Victory for biodiversity in uMkhomazi River Valley



31 March 2017

Conservation organisations, including the Endangered Wildlife Trust (EWT) and BirdLife South Africa, welcome the rejection of the final Environmental Impact Report (EIR) for the proposed construction of a raw water supply dam in the uMkhomazi catchment, KwaZulu-Natal, by the Department of Environmental Affairs (DEA). With passionate support from private landowners, these organisations, amongst others, challenged the proposal due to serious environmental concerns raised, and view the rejection as a victory for biodiversity.


Although the dam has been proposed by the Department of Water and Sanitation to supply water to the area’s people, its construction is deemed to be an unfavourable option by hydrologists and biodiversity experts alike, due to the pressing need for (less costly) improved catchment management in the area. Catchment management actions could include the protection of healthy grasslands and rehabilitation of overgrazed land and wetlands, which would increase natural vegetation cover and interception of rainfall, and prevent sedimentation, which, if not addressed would lead to siltation of a new dam over time. The experts also called for improved Water Conservation and Demand Management (WCDM) in this and the adjacent catchments’ existing water systems.

The proposed construction is intended to take place in close proximity to several known nesting sites of the Blue Swallow (Hirundo atrocaerulea), which is Critically Endangered in South Africa. These beautiful birds have experienced dramatic population crashes in recent years, and there are currently fewer than 100 birds left, and fewer than 35 nests in the whole of South Africa. With the biggest population residing in KZN, it seemed unthinkable that construction, which could put these birds at risk, would go ahead in this area and that threats and alternatives were not adequately researched prior to costly EIA development.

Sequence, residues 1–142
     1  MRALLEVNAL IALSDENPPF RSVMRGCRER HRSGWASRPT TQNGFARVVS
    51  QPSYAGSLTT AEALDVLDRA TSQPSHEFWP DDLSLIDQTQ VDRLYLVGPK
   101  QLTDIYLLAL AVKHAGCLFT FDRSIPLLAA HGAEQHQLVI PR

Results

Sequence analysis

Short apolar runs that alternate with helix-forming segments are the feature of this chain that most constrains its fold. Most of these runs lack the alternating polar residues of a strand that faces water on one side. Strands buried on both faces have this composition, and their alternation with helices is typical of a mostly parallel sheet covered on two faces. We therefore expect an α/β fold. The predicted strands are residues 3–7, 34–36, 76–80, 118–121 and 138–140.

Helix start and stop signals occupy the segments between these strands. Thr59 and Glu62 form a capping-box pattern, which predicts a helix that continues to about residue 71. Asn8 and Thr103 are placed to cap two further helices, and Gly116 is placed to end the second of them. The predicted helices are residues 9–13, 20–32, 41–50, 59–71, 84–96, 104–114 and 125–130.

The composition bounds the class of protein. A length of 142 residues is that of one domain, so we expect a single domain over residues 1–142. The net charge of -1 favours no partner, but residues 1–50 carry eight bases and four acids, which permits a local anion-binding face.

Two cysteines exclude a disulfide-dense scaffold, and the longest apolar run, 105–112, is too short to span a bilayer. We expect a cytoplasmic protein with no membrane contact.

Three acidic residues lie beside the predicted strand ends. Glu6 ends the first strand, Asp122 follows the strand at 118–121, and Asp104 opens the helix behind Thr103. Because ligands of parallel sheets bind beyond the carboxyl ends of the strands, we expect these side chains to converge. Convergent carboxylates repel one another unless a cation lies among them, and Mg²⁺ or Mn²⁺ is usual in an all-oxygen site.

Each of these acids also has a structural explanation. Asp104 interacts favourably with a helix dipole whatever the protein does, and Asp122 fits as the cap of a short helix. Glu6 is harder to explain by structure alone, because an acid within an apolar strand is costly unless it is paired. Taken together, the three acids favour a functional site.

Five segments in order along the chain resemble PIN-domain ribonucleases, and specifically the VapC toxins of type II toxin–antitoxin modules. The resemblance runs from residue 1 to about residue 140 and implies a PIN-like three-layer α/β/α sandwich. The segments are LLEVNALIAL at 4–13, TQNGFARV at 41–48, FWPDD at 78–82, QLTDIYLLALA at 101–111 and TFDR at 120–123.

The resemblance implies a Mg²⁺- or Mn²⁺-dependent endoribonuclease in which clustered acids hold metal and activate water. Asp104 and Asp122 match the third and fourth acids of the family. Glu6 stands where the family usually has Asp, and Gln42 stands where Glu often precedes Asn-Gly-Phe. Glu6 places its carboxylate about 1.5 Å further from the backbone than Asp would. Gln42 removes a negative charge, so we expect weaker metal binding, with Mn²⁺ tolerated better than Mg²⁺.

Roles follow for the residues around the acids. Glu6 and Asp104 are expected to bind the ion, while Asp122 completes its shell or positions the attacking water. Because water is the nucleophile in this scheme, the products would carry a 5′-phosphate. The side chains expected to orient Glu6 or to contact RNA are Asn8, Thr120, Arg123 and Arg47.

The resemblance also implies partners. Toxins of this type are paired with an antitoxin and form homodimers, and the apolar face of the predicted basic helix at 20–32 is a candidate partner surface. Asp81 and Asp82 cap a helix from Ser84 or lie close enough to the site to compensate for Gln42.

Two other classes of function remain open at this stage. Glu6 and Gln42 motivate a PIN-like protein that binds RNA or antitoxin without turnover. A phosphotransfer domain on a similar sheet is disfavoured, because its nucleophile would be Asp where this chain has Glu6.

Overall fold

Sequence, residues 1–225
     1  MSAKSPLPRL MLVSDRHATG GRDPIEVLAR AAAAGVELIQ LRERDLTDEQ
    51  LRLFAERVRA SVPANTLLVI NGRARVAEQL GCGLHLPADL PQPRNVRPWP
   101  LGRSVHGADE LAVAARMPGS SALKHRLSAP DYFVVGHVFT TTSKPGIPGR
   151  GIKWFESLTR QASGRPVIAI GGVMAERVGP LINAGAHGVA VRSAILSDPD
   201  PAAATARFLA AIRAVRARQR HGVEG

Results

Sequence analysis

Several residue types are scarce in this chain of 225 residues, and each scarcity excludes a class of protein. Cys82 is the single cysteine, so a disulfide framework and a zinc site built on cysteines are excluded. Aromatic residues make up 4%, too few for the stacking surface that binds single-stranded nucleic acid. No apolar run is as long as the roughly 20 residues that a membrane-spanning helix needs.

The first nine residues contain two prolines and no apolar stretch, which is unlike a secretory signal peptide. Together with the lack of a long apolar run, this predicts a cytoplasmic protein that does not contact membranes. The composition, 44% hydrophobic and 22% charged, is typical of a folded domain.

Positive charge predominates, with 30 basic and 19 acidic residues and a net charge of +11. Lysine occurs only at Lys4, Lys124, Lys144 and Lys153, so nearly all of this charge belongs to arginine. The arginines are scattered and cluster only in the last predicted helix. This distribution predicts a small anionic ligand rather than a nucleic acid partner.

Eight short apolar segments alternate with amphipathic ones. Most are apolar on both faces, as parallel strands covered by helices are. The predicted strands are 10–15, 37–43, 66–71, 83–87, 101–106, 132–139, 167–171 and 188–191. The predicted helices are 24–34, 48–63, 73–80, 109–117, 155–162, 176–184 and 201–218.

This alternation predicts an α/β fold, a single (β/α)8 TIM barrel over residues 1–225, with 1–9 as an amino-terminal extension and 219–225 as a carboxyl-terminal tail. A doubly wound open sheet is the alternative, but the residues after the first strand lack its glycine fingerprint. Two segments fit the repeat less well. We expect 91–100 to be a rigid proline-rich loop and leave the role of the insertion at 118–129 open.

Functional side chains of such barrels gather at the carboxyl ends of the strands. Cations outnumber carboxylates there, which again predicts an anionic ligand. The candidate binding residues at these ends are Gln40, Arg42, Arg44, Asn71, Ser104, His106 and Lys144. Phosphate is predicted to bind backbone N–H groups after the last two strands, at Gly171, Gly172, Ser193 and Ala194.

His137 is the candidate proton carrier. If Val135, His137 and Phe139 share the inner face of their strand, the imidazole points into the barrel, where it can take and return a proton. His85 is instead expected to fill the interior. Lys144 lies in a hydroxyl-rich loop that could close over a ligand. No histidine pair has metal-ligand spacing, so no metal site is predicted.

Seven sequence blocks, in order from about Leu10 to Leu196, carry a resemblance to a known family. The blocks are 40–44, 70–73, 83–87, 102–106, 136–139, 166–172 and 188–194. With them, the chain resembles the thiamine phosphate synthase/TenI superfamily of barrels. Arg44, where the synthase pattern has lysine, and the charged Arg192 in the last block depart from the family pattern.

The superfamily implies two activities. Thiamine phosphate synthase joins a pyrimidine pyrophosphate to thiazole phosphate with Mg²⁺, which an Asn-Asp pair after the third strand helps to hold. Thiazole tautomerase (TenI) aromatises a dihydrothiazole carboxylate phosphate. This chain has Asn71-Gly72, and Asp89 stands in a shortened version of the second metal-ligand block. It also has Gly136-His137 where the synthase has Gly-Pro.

The environmental consultants for the project organised a dedicated Biodiversity Working Group, which included the national Department of Environmental Affairs (DEA). DEA’s team noted that the proposed project has the potential to inflict detrimental impacts on various species of conservation significance, notably the Blue Swallow, with the possible result being the local extinction of that species. Of additional concern is the fact that the proposed site supports populations of Pennington’s Protea Butterfly (Capys penningtoni) and Riverine Keeled Millipede (Gnomeskelus fluvialis), which are found only in the uMkhomazi River Valley region, and nowhere else in the world. As no clear mitigation measures were included in the EIR, the construction of the dam at this site may result in habitat destruction and the extinction of these species. The EIR also did not adequately address the impacts on aquatic species and wetland habitats on and around the proposed site.

The applicants will have the opportunity to address these, and other, concerns raised by DEA in their rejection of the EIR, and should the applicants resubmit their application, we would encourage NGOs and the public to comment on the new document. However, the EWT and BirdLife South Africa, as well as private landowners who have been custodians of these birds and their nests for many years, are grateful for DEA’s swift response in dealing with these concerns. It is refreshing to see environmental, and specifically biodiversity issues, taken seriously when it comes to development, and we look forward to continuing work to preserve the species of this special region.

Catherine Hughes
Manager: Threatened Grassland Species Programme
Endangered Wildlife Trust
Tel: +27 87 021 0398

Belinda Glenn
Communication and Brand Manager
Endangered Wildlife Trust
Tel: +27 87 021 0398

Daniel Marnewick
Manager: Important Bird and Biodiversity Areas Programme
BirdLife South Africa
Tel: +27 11 789 1122

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